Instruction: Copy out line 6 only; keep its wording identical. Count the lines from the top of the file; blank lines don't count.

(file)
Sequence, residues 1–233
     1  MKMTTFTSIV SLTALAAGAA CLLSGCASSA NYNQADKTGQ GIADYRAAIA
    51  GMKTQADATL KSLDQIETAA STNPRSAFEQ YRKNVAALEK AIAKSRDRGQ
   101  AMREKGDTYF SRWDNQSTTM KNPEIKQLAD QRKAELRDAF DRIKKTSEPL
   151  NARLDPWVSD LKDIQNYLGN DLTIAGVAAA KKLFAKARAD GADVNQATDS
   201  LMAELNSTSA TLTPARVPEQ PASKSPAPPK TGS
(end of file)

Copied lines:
   201  LMAELNSTSA TLTPARVPEQ PASKSPAPPK TGS